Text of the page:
At first, anybody who recognized the murderous assault on the American consulate in Benghazi as a terrorist attack didn't know what he was talking about. It was just the result of a spontaneous demonstration that got out of hand. It was all the fault of a shadowy little video that had taken the Prophet Mohammed's name in vain. It had provoked the violence. The attack couldn't have been planed in advance. Or anticipated, either.
From the White House press secretary to our ambassador at the United Nations, that was the official line and the whole administration stuck to it. For a while. A remarkably long while, considering how implausible it was. The learning curve in this administration can be laboriously slow.
Now, weeks later, after the funerals have been held and the bodies buried, and investigations have begun, the same White House press secretary who once dismissed all talk of a terrorist attack says, "It is, I think, self-evident that what happened in Benghazi was a terrorist attack."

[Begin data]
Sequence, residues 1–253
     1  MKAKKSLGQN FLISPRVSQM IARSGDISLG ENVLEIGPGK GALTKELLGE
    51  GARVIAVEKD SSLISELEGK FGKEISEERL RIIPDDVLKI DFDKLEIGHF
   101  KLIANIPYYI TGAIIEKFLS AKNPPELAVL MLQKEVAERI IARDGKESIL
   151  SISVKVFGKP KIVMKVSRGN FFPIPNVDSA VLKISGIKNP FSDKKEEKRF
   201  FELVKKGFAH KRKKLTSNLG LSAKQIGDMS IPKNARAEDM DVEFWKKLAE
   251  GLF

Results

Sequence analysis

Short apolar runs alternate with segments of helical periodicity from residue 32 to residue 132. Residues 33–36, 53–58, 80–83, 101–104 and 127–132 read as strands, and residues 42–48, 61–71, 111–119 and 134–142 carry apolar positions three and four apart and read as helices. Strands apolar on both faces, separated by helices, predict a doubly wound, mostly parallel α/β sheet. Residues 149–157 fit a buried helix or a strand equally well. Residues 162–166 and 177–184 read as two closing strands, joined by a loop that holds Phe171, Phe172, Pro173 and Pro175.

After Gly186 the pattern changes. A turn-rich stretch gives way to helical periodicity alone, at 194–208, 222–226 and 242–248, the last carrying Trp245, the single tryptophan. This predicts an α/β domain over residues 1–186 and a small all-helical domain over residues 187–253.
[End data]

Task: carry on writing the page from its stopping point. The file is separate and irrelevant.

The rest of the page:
Good morning, Mr. Carney. So good to have you with us. At last. It's taken long enough. When a senator named John McCain referred to what happened at Benghazi as "an act of terror" a few weeks ago, a spokesman for the Obama campaign said the senator was just being political.
In the immediate aftermath of the attacks in Cairo and Benghazi, the White House press secretary had explained that all this violence in the Middle East was a response "not to United States policy, and not obviously the administration or the American people," but "in response to a video that is offensive to Muslims."
He just didn't get it. He had confused the pretext for these rampages with the reason: the war still being waged against America and the West by a fanatical group of Islamic zealots who will exploit every religious prejudice and historical grievance in their part of the world to attack us. Theirs is not just an ideological movement but a violent criminal conspiracy. Not unlike Nazism and Communism when they were rampaging.
How long, oh, how long before this administration comes fully awake, and realizes that peace is assured by strength, not by cringing statements that only further inflame the fanatics and terrorists of the Middle East. The president's response is to reduce foreign policy to another campaign soundbite: "If Gov. Romney is suggesting that we should start another war, he should say so." Our president still doesn't get it; it is appeasing the aggressor that is the sure road to war, not standing up to him.